Holiday Traditions Made From Scratch

Because my parents divorced when I was three, I had the unique experience of growing up in two very different households, each with its own set of holiday traditions. When I lived with my mother, holidays were usually spent at my grandmother’s house. Twenty of us would show up at her single-wide at noon sharp, eat with very little talking, clean up, and leave no later than 2 p.m. – sharp. By 1:45, Grandma was looking at the clock, instructing us to wash the dishes faster so she could get to her 2:15 card game at the Clubhouse. Everyone was always happy to oblige since Grandma never served liquor at family gatherings. Not that she didn’t drink it, she just didn’t believe in drinking before 7 p.m. – sharp. So, we were always home by 2:30 p.m., and the holiday was finished.

Our two-hour holiday family gatherings were an implied tradition, along with the coleslaw my mother brought and still continues to bring to dinner to this day. Every night before Thanksgiving and Christmas, my stepfather stops at the KFC drive-thru and purchases two quarts of coleslaw and, voila! My mother’s holiday cooking is complete.

Another important unspoken tradition was the television, which had to be on 24 hours a day – even if no one was watching it. Rather than listen to Perry Como, the television provided us with Christmas jingles used to sell beer, toys, and toilet paper. In fact, one Christmas at Grandma’s house we arrived to find the television sitting at the head of the table. Grandpa gladly took his seat to the side since nothing reigned higher than the television. Sigh. Memories.

At my father’s house, you knew the holidays were close when we’d make our annual trip to Liquor Barn to drop $500 on wine, scotch, cognac, port, and more wine. The decanters and brandy sniffers were brought out and cleaned. The cigar box was stocked. And the chessboard became a fixture on our coffee table for the next six weeks. My aunts and uncles would arrive and the festivities would begin. Marathon chess games were played, the television was completely ignored, and the record player only stopped spinning long enough to put on another jazz tune.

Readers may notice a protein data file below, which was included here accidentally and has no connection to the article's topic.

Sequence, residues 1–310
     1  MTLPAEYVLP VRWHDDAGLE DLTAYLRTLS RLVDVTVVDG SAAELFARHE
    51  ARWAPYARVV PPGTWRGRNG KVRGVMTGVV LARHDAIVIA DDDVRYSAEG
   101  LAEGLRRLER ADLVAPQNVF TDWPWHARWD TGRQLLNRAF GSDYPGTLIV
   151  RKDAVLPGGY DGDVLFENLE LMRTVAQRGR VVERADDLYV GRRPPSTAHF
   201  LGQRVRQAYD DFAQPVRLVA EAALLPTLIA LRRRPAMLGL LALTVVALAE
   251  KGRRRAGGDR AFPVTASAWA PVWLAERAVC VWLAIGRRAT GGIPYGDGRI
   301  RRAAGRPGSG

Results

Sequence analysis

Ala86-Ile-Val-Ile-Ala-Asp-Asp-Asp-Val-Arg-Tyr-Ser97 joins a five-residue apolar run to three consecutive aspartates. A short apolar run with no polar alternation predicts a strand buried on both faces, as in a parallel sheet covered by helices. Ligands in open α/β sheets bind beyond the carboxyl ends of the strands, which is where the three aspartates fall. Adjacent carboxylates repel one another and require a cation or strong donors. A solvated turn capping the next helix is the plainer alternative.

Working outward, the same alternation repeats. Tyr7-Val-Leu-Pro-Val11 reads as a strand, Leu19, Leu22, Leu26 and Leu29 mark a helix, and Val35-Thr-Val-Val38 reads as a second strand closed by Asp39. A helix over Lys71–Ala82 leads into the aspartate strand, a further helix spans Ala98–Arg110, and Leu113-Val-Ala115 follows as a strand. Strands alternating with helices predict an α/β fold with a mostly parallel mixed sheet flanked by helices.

For food, we’d nibble on cheese and crackers all day since my step-mother, while an excellent cook, had no concept of time let alone time management. The day of Thanksgiving and Christmas she’d wake up and write her to-do list, which included things such as calling every single relative she had, painting the bathroom before the guests arrived, polishing all the silver, ironing all the linens, cooking a five course gourmet meal with only fresh ingredients she hadn’t yet purchased, and, oh, what the hell, writing the all-American novel, you know, in case she had an extra fifteen minutes. By five o’clock in the afternoon half our guests were passed out from trying to fill up on booze, and the other half of us would be wandering aimlessly throughout the house trying to remember where we were.

Dinner was finally served around nine o’clock. We’d eat the first three courses like savages throwing as much food in our mouths as possible with one hand while the other hand guarded our plates with a threatening fork or knife. Conversation would finally begin around the fourth course, and by dessert, everyone would be laughing, having forgotten their earlier plans to stick an apple in my step-mother’s mouth and roast her for dinner. Aw, the memories.

When Husband and I had our own children, I began thinking about holiday traditions. I asked Husband if his family had any, and his reply was a quick, “No.” So, we decided that we were going to have to make some from scratch. I wasn’t about to eat KFC with the television blaring, nor did I want all of us starving to the point of wanting to kill each other. Thus, we’ve decided on a few traditions of our own. First, no television. Second, stress will be minimized as much as possible with proper planning. Third, since we cut corners on dinners all year round, a gourmet meal with fresh food is a must. This year for Thanksgiving, for instance, I prepared a butternut squash soup with a red pepper mousse, apple and cranberry chutney, green beans with hazelnut butter, a fresh turkey stuffed with chestnut and sausage dressing, and gravy made from turkey stock prepared the day before. Husband made mashed potatoes and two pies: sweet potato with a three-nut topping, and pumpkin served with freshly whipped cream. Fourth, dinner will always be served promptly at five. Fifth, since we’re not religious, instead of grace, we will take time during dinner to talk about the things for which we’re thankful.

I’m sure we’ll add more to this list over the years, but the point really is that we want to create warm, happy memories for our children. We want them to remember the smell of spices, the sound of laughter, warm bonding moments, and the love of family. If any of you have any additional ingredients to add to this recipe, I’d love to hear them.

You can visit Morphing Into Mama at http://morphingintomama.typepad.com

November 18, 2005

Baby Lauren’s Mom on Family Traditions